Measuring 255 x 390 x 330 mm and weighing 10.9kg, the black cabinet has an understated feel, with only the metal control-plate at its base giving it a strong sense of identity. The cabinet body is made from 18mm MDF with a textured 'foil' covering, while the baffle is painted satin black. Both drivers are recessed into the baffle, centrally mounted so that there's no need for 'left' and 'right' models, while the cabinet edges and corners are only slightly rounded.

Although the circuitry is largely digital, the inputs are analogue on both balanced XLR and unbalanced RCA sockets (but no jacks), feeding into a high quality Burr-Brown A-D converter. The DSP links directly to the power amplifiers, with no further stages of conversion required. DSP takes the place of the volume, filter, phase and room-placement controls, the parameters for which are accessed via a single push-and-turn knob on the front panel. An LED ring (dimmable to taste) around the control shows the status of adjustment. Once made, settings for volume or room adaption can be 'locked out' individually, using a pair of DIP switches located on the rear panel, to avoid tampering. Power comes in via the usual IEC socket, and there's a voltage selector switch for 115/230 Volt operation.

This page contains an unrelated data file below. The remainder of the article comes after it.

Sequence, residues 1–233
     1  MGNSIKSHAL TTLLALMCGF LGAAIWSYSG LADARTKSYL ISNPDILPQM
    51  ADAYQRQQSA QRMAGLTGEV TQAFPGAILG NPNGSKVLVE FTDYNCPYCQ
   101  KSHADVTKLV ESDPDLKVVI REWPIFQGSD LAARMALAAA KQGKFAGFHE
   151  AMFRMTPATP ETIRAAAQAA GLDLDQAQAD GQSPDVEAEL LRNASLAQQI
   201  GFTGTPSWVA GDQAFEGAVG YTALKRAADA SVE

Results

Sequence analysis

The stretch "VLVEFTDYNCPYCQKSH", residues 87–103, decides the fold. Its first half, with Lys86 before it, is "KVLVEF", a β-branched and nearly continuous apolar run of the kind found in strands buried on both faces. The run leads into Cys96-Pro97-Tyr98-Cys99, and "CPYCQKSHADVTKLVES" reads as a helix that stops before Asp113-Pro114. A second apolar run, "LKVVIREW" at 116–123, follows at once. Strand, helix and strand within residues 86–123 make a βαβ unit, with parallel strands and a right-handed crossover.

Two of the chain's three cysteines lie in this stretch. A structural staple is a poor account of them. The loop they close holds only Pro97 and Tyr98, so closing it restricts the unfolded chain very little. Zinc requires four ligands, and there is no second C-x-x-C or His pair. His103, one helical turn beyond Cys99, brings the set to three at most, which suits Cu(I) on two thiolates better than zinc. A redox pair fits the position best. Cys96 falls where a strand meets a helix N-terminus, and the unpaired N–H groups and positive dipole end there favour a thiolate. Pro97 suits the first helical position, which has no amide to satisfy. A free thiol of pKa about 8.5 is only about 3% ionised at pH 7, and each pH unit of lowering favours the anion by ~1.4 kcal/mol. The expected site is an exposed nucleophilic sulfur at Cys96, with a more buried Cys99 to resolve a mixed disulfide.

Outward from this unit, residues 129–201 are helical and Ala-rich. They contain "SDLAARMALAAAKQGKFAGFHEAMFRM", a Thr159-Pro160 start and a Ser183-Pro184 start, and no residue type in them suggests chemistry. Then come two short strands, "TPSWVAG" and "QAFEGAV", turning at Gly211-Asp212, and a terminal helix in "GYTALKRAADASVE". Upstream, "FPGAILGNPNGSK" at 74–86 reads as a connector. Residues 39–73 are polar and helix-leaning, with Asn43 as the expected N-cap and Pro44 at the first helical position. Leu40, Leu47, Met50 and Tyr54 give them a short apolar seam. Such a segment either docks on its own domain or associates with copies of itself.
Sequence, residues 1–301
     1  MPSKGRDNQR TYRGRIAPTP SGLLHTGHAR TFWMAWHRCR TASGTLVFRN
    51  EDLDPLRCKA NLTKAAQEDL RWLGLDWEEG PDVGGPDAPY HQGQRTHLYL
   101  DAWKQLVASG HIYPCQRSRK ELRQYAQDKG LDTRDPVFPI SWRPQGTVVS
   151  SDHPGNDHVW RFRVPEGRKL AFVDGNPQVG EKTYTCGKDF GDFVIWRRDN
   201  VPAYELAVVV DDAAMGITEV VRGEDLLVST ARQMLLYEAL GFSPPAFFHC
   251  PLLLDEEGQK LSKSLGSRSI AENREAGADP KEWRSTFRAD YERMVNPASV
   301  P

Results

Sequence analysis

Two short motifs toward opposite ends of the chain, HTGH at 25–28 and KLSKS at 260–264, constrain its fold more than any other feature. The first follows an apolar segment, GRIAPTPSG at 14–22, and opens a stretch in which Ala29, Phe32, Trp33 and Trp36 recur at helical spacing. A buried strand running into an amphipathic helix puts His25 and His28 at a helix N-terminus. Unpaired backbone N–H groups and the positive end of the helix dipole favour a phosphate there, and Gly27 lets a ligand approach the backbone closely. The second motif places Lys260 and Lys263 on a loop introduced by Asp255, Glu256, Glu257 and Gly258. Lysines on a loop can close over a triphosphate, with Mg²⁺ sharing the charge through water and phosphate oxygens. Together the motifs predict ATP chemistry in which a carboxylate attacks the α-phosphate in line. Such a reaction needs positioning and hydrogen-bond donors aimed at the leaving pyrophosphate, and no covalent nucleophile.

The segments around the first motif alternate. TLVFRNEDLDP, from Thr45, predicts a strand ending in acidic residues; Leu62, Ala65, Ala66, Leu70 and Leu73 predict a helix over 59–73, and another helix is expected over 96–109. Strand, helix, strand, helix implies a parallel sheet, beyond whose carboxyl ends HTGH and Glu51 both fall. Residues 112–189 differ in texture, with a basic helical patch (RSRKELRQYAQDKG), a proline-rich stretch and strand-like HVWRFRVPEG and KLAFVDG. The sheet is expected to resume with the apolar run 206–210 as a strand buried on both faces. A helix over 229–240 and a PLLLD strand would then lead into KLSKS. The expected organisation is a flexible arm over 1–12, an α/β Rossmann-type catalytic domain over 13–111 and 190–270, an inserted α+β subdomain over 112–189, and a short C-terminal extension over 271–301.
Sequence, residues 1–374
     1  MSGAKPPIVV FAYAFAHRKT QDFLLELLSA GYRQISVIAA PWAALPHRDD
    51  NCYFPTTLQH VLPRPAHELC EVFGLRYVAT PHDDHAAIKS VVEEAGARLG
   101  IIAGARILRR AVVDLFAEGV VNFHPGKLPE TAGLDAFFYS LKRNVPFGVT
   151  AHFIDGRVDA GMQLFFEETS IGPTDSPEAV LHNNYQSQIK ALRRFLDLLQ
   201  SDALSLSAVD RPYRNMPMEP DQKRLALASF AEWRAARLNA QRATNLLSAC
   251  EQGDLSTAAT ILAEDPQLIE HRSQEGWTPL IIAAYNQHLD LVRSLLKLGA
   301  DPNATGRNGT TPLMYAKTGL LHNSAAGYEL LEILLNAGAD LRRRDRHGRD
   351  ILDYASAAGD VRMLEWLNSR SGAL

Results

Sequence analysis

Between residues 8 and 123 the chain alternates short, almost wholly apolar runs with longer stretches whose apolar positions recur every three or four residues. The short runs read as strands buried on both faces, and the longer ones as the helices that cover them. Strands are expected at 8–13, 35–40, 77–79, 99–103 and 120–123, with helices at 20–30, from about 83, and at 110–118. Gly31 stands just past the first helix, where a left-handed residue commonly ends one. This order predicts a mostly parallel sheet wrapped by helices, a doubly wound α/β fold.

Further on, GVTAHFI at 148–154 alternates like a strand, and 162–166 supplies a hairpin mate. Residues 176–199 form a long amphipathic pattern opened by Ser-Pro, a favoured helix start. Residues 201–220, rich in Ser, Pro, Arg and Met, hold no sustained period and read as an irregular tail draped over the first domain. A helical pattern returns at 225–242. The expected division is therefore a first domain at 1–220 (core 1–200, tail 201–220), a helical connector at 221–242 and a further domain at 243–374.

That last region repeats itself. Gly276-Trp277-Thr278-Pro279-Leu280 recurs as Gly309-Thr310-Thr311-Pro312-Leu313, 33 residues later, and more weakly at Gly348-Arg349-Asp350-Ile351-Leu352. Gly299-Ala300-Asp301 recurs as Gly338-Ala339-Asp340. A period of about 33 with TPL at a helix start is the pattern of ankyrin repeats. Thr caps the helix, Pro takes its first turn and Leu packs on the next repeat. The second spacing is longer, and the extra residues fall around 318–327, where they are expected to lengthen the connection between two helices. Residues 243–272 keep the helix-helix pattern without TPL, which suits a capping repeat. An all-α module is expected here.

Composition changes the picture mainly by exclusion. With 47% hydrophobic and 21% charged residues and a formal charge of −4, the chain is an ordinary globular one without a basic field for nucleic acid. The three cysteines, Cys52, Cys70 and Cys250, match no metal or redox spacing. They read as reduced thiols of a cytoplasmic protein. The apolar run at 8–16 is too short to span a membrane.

Setting Up

The rear panel houses the balanced and unbalanced inputs, as well as DIP switches for locking the speaker's filter and volume settings.The rear panel houses the balanced and unbalanced inputs, as well as DIP switches for locking the speaker's filter and volume settings.

All the settings — volume, the various filter settings and LED brightness — are made via the rotary control on the front panel. Pressing the knob causes one LED to come on and to flash alongside the name of the function to be edited. Turning the knob allows a different function to be selected, and pushing the knob again puts you into the mode to adjust that setting. All the setting names are printed next to the corresponding LEDs at the start of the LED ring, but these are extremely small and difficult to read. Still, you probably only need to set them once. If you leave the control alone for a while, it automatically reverts back to volume adjustment. I was rather hoping for some kind of cunning link system that would allow the volumes of both speakers to be adjusted from a single control, but this seems not to be available. Again, though, once the levels have been set, any further level changes are likely to be made via a separate monitor controller.